Tag Archives: Bristol

The Most Popular Grape

Standard

There’s more Cabernet Sauvignon planted in the world than any other wine grape – almost 300,000 hectares (just over 700,000 acres) according to the comprehensive study published by the University of Adelaide in 2013.  That area has more than doubled since 1990 and is almost certainly still growing.  There are now commercial plantings of the variety in more than 30 countries.

I’m not surprised at its popularity with growers; it’s a grape capable of producing very high quality red wines and its name is widely recognised by wine lovers – always a help with marketing.  But it needs to be grown in the right conditions: too cool and you get unripe, leafy flavours; too warm and the wine tastes of jammy or cooked fruit. 

Interestingly, in its home region of Bordeaux, you almost never see a wine made entirely from Cabernet Sauvignon – there, they usually blend it with Merlot and other varieties – a legacy of the time when that part of France was, on average, a couple of degrees cooler than it is today and growers regularly struggled to ripen their Cabernet.

But elsewhere – California, Australia, South Africa, Chile and the ‘new kid on the block’, China – 100% Cabernets are common and it’s not hard to find a really good bottle, for example Robert Oatley’s Finisterre from Margaret River in Western Australia.  2017-09-03 15.07.33The climate there is ideal with warm, dry summers meaning that harvest can often take place as early as February (equivalent to August in the Northern Hemisphere), minimising the threat from autumn rain.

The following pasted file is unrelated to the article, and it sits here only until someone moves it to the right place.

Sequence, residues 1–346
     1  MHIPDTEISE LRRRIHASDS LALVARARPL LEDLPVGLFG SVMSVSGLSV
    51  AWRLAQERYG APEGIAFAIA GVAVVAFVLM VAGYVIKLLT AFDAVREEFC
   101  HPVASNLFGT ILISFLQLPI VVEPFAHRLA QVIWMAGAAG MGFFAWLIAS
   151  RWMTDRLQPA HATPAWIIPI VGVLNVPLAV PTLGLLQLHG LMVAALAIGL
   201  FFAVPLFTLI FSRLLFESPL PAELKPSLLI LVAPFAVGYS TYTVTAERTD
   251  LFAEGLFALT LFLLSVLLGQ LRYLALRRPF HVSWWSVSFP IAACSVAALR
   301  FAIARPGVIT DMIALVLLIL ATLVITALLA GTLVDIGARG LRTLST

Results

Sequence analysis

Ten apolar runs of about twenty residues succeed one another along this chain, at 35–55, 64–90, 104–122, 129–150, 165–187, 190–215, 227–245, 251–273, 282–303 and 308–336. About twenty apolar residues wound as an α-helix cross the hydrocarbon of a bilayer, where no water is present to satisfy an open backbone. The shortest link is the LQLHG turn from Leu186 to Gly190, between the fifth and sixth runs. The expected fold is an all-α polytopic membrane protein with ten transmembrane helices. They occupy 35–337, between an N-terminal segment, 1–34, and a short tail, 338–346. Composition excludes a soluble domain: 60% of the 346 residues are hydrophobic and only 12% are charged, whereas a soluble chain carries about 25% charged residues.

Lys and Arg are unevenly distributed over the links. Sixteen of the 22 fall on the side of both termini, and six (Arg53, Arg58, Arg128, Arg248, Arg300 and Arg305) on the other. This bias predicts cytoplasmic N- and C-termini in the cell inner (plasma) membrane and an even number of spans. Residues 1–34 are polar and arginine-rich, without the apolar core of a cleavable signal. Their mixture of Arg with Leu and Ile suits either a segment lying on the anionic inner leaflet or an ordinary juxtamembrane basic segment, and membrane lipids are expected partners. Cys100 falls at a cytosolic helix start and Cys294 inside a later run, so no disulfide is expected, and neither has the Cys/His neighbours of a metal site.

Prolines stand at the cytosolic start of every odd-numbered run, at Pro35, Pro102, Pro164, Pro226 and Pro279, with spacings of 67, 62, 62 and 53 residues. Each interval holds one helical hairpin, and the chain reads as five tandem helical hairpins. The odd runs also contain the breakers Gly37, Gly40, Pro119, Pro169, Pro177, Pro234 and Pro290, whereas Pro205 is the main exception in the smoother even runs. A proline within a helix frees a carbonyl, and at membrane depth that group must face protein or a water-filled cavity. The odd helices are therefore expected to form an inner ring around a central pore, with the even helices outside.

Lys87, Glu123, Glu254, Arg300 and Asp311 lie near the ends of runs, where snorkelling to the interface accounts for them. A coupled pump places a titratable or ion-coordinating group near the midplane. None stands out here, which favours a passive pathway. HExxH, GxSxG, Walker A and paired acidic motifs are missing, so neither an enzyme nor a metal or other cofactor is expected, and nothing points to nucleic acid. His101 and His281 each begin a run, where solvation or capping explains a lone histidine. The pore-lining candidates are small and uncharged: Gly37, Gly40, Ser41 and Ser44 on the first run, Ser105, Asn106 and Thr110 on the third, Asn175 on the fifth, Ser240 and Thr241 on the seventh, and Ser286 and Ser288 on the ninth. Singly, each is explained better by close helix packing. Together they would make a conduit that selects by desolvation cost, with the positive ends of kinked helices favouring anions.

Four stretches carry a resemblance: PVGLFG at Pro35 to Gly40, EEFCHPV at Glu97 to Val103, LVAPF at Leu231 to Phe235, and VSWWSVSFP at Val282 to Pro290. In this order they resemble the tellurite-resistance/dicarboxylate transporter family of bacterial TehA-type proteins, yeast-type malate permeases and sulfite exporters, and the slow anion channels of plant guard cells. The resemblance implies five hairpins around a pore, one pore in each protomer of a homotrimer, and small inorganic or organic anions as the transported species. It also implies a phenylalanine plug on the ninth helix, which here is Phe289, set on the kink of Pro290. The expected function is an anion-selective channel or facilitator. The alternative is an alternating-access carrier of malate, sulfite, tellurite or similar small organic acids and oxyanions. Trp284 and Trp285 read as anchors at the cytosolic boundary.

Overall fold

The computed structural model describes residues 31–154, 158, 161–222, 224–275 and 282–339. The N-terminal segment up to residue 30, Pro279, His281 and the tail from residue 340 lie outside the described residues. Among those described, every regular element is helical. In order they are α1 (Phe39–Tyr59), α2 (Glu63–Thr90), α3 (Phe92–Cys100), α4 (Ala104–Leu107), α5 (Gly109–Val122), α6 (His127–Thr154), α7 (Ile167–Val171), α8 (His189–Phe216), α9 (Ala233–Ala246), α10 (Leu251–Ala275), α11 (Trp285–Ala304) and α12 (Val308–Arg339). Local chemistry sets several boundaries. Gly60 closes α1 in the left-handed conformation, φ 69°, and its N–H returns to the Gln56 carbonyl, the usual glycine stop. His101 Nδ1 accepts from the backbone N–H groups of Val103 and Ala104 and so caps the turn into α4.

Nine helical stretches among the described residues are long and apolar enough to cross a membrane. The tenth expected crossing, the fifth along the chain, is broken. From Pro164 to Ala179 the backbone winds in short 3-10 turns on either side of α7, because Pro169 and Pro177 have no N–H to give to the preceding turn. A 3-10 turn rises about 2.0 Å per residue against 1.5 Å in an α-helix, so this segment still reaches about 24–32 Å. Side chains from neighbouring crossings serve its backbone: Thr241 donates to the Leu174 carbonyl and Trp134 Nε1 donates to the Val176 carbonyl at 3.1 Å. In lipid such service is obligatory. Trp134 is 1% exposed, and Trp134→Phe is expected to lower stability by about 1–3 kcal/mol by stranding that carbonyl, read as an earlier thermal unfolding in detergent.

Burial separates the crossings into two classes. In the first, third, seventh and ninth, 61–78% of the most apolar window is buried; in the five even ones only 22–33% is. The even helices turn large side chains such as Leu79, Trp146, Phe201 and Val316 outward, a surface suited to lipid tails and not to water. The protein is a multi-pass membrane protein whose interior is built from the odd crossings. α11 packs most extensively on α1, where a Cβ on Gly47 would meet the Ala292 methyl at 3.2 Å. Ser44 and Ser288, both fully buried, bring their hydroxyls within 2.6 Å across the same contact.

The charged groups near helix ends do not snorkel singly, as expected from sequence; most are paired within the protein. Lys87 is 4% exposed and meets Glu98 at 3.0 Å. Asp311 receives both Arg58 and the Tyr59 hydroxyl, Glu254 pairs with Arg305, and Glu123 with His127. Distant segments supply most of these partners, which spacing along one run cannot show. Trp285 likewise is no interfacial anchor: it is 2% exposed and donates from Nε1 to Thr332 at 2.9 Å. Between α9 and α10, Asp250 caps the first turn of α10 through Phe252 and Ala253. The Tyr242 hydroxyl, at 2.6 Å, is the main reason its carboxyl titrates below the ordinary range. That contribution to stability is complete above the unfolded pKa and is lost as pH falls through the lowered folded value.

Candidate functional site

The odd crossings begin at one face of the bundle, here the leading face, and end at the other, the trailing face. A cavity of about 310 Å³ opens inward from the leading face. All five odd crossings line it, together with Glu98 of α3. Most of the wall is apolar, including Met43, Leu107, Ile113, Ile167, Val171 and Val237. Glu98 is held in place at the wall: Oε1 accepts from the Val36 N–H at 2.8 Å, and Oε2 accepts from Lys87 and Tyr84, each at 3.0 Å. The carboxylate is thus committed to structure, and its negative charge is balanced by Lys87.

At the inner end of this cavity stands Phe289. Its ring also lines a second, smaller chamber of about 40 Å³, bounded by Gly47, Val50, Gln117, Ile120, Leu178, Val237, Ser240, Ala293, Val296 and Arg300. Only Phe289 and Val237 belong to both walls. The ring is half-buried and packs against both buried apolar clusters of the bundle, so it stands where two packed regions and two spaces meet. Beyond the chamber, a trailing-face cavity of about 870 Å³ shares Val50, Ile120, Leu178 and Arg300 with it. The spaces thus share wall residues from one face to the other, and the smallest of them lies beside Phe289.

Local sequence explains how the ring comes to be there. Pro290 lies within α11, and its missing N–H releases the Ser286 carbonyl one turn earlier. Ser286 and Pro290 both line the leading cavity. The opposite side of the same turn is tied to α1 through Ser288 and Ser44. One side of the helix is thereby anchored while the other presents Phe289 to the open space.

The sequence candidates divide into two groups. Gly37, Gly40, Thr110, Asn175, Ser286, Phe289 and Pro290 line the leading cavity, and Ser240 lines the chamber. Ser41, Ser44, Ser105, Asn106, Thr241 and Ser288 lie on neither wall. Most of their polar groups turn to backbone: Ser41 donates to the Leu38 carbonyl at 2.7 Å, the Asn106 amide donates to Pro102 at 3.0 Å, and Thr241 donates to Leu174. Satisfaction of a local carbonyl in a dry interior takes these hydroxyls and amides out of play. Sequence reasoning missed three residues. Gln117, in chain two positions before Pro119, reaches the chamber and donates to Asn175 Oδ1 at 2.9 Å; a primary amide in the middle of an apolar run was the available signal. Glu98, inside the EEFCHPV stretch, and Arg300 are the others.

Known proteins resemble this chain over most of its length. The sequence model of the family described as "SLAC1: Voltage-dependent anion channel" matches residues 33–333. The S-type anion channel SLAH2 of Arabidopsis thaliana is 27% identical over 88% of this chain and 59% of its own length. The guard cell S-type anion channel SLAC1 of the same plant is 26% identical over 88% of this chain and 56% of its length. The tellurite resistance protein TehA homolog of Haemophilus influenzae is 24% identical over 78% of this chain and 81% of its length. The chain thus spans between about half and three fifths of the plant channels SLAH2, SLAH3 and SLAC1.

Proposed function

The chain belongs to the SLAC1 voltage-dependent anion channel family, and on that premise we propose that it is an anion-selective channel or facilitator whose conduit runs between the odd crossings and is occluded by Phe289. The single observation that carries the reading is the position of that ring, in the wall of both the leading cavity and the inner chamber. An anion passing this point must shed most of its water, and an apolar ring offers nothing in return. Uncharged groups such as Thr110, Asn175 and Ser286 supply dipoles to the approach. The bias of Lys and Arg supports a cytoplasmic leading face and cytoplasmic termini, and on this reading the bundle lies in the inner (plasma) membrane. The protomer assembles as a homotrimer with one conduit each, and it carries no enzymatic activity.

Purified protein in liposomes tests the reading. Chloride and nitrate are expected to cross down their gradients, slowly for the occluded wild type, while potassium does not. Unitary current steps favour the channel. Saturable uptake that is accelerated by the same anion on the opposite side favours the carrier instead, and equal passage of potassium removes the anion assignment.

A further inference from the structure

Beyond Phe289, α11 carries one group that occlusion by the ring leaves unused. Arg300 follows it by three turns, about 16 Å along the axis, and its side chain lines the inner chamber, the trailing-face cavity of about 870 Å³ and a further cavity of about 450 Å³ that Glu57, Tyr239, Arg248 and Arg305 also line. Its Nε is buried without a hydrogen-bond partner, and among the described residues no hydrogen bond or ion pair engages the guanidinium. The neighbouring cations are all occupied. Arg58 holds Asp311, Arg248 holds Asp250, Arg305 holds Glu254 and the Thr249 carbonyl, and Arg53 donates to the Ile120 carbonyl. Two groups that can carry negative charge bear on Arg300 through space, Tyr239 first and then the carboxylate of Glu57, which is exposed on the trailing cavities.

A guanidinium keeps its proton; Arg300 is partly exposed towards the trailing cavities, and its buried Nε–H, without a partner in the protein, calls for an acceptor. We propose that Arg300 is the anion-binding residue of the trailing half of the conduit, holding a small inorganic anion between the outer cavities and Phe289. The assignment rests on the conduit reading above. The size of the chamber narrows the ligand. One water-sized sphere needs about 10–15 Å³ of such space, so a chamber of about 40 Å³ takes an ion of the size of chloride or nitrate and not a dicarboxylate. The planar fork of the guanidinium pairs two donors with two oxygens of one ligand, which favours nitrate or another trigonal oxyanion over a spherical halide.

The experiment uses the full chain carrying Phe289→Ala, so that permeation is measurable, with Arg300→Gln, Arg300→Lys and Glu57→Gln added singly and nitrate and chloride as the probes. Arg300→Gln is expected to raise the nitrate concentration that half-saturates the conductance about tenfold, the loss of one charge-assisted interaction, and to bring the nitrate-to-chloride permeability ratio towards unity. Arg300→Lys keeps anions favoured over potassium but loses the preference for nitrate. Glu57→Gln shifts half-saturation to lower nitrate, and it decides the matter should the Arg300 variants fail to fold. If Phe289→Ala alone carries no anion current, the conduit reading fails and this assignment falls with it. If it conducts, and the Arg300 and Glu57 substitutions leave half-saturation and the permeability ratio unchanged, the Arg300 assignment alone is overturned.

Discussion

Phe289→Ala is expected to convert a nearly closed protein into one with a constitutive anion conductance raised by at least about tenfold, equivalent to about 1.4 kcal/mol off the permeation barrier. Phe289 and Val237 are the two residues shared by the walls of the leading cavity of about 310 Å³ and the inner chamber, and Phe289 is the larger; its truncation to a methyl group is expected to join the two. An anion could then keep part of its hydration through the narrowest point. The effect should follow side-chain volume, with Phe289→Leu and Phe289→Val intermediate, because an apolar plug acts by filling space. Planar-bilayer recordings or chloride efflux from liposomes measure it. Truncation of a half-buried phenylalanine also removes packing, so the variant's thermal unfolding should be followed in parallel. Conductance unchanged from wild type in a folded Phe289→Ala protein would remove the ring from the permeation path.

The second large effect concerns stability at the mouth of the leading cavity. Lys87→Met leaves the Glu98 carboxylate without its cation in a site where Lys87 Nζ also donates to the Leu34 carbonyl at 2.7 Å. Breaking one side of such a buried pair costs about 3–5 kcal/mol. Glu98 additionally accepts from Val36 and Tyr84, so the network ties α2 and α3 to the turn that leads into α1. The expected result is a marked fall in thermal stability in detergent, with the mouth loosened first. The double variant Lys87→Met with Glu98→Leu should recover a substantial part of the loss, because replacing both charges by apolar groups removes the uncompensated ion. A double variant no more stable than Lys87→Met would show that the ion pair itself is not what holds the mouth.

Finisterre is quite restrained and subtle but has the lovely sweet blackcurrant fruit flavours that I always associate with a good Cabernet Sauvignon, topped out with some soft spice and just enough tannin to suggest that the 2013 vintage has a good few years more ahead of it.  Usually £18.99 at Waitrose, but it’s worth waiting for one of that supermarket’s regular ‘25% off’ offers when this wine becomes a great bargain and one not to be missed.

 

Advertisements

Plain and Simple

Standard

I think it was the former US President Bill Clinton who used the phrase ‘Keep it simple, stupid’.  Those who design most traditional German wine labels should take note!  Take the example below:

German Label

It has the producer’s name, the vintage, the grape variety, the region, village and vineyard in which the grapes were grown and even an indication of how ripe the grapes were at harvest.  This is typical of German wine labels and makes them among the most informative in the world.  But that – and the common use of the difficult-to-read antique font – also puts off many wine lovers who don’t want – or understand – all the detail.  “Just give me a clear idea what the wine is going to taste like”!

So, I was pleasantly surprised recently to find a German wine with one of the barest labels I’ve seen:

Grauburgunder

Just the producer’s name, the grape variety (Grauburgunder is the German name for Pinot Grigio/Pinot Gris) and the vintage.  Anyone interested in the region (Rheinhessen) or village (Nierstein) could check the back label where you also find, far more importantly, that the wine is dry (trocken) and has, unusually for a German white, 14% alcohol. In some wines, this level of alcohol can taste ‘hot’ or dominate the flavour but not here; it brings a lovely richness in the mouth – closer in style to a good Alsace Pinot Gris rather than a light and quaffable Pinot Grigio.  The wine is quite savoury with a delightful saline character that makes it really food-friendly – a noble fish in a creamy sauce comes to mind.